When you first meet Xavier’s family, you learn that he and his mother live with her parents. Xavier’s grandmother “keeps” him during the day while his mom is at work. Xavier’s mother is very interested in early intervention but her mother is not. The grandmother thinks that he will talk when he’s ready and that there is nothing to worry about. On your first visit, she makes a point of telling you that she has raised 5 children and 3 were late-talkers and they are fine now. She wonders – out loud – if early intervention is just a scam to get insurance money…
Starting off on the Right or Wrong Foot…
As enthusiastic as we are about the work we do, it’s challenging when a family member does not share that view. It can be especially challenging when it becomes personal. The grandmother in this scenario is clearly an important person to have on your side, as far as supporting Xavier’s development. Even though she has her doubts, she is letting the service provider in her home and is being honest about what she thinks. It’s up to the service provider, then, to listen with an open mind, get to know her, find out what she wants for her grandson, and find a way to work together. Building a trusting rapport, being open to the grandmother’s expertise about raising children, and taking the opportunity to help her learn about early intervention are great places to start.
If you were supporting Xavier’s family, what would you do?
What would you say in response to the grandmother’s doubts?
Would you correct her and explain the research behind early intervention?
Would you call the service coordinator for assistance?
How would you partner with her to help Xavier?
Share your ideas and experiences with similar situations in the comments below!
One thing I like about this post is that it causes the early interventionist to pause and think about who are key decision-makers in every family. While Xavier’s mother is his parent, it sounds like possibly grandmother’s “vote” is a crucial factor for this family. Positive and good communication skills will be critical in providing good information to support the grandmother in making good and informed decisions.
I think probably one of the best ways to approach this situation would be with those “positive and good communication skills” you mention. It can be easy to pull back from a family member who doesn’t understand or believe in EI, but once you find a way to work together, everything can turn around!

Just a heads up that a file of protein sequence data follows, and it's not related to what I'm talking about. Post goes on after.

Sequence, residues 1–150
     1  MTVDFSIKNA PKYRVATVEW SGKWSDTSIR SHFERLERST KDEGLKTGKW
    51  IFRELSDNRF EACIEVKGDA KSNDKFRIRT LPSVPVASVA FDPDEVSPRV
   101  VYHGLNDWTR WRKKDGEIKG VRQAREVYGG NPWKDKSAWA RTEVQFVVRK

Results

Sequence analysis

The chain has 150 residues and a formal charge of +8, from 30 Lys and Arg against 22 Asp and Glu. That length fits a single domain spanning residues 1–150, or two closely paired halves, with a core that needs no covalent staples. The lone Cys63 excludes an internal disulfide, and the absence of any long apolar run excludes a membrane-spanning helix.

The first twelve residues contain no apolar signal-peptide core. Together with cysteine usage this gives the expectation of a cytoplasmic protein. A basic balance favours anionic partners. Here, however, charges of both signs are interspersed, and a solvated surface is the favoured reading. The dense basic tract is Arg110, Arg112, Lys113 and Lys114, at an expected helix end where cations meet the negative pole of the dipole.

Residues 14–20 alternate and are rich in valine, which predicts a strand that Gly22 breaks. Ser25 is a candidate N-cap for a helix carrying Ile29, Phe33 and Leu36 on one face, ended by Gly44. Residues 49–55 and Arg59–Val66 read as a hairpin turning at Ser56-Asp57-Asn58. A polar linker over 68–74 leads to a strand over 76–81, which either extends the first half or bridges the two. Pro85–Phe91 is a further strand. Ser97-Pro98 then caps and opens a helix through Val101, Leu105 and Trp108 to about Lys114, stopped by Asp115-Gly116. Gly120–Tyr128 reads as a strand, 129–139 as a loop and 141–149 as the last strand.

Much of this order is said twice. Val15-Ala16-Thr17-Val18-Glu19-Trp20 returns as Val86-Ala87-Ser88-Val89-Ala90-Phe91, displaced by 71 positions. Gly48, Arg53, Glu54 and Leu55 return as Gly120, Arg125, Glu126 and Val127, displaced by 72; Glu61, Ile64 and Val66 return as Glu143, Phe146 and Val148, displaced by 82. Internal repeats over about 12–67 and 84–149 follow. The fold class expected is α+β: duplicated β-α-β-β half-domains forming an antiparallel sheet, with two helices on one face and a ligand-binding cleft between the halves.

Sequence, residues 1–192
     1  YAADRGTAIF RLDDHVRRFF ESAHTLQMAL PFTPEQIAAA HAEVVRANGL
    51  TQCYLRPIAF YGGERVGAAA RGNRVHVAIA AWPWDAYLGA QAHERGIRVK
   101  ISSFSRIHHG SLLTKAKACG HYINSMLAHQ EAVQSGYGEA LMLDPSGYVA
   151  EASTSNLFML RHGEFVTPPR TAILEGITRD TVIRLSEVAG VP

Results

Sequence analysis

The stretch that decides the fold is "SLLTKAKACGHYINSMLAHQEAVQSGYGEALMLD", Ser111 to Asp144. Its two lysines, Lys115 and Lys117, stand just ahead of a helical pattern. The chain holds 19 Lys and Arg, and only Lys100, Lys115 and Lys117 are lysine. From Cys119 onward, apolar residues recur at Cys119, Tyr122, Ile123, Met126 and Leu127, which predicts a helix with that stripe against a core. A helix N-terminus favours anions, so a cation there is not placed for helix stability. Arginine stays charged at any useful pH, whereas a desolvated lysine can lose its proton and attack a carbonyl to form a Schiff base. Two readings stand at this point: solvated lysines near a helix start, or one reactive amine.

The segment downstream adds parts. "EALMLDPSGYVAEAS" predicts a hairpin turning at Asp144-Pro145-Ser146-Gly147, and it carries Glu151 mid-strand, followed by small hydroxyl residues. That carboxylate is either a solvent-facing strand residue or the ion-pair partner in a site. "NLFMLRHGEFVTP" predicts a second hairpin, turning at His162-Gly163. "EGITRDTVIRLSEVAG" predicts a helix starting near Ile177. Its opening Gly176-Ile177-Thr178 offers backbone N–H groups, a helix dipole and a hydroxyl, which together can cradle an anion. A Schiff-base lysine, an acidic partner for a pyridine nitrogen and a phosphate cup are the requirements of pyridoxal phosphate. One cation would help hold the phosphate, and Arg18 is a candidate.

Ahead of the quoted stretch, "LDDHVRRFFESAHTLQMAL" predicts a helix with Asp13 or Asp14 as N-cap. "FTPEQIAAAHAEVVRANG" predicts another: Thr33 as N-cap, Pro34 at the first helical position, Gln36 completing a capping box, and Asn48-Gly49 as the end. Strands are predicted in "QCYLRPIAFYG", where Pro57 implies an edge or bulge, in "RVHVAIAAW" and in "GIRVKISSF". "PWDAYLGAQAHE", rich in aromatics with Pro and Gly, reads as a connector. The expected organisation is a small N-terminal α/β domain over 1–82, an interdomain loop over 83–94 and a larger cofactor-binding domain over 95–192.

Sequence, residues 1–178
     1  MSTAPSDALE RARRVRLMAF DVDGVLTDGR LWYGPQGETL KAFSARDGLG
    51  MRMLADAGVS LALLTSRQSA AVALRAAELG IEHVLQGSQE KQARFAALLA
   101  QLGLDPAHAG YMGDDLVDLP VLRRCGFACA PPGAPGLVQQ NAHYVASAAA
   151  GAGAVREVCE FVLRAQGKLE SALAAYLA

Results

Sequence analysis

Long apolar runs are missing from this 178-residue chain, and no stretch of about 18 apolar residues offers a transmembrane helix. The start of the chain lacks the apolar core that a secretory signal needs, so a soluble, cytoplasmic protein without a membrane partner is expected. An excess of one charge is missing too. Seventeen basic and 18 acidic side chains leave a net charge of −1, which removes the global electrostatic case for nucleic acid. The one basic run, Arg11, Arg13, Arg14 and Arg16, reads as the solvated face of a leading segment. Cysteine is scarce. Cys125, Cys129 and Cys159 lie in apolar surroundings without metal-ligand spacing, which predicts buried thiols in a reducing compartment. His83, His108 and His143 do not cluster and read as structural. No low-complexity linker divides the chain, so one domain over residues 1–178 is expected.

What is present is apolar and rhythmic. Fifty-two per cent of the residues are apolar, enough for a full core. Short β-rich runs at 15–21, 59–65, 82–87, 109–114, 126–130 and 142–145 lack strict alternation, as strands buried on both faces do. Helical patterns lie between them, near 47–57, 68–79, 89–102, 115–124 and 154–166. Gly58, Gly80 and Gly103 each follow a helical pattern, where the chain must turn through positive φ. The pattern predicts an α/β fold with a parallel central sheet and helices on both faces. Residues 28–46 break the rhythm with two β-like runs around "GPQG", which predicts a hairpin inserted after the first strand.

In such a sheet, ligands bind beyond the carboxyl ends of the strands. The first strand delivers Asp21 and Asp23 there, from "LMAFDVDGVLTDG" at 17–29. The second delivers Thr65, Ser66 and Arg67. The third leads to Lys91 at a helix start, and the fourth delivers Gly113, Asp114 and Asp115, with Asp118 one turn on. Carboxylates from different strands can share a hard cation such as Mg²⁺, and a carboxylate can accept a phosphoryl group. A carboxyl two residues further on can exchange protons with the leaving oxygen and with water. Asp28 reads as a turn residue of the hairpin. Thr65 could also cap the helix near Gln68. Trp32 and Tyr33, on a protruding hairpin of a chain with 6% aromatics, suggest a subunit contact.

I believe in acknowledging the grandmother’s feelings and letting her know that some children do speak later but we can work together and help him. I would acknowledge the great things she is doing with him too. We need to develop a rapport and trusting relationship with grandma and have her tell us what great things she is doing to help him.
I would completely agree, Valerie. Starting with acknowledging her feelings really is the best way to begin because feelings are so powerful and can certainly drive a person’s motivation. I also like how you said you’d want to acknowledge what she’s already doing. How would you go about finding out what she’s already doing with Xavier?
I would start building the relationship with the grandmother. Ask her about her children who were late talkers. I would ask about the different things they do during the day. I would tell her she is doing a great job of “talking to herself” while cooking or cleaning (if I see it) I think the relationship with the grandmother will be the first step in helping Xavier.
Absolutely, Laurie! You and Valerie both “hit it on the head” – that building that relationship with the grandmother and finding out what she is already doing with Xavier during the day are key. I love the example you gave of seeing her doing something that will encourage his communication development and pointing it out to her is a great strategy. I’m wondering how you would manage that last statement the grandma made about EI being a scam…how would you handle that with her? How would you reply?
Loving this discussion! As for the “scam” statement, I have had families in the past wonder if kids ever “do fine” or “catch up” on their own without early intervention. The teams that I have worked on took an honest approach and said that some children do catch up without outside supports, but that other children might not and then have an even harder time once they entered school. Giving families the pros of providing supports early vs. a “wait and see” approach is part of informed decision making!
I agree, Amy, that the honest approach is the way to go. It’s not always an easy decision for a family to participate in EI – with other family or work commitments, financial constraints, lack of support from other loved one or friends, etc. Figuring out if EI is the right decision can be hard but can be helped when we share what we know and let the family make the decision that’s right for them. Being open to questions, even hard ones like the “scam” comment, isn’t always easy for us either but is so necessary for that partnership to develop!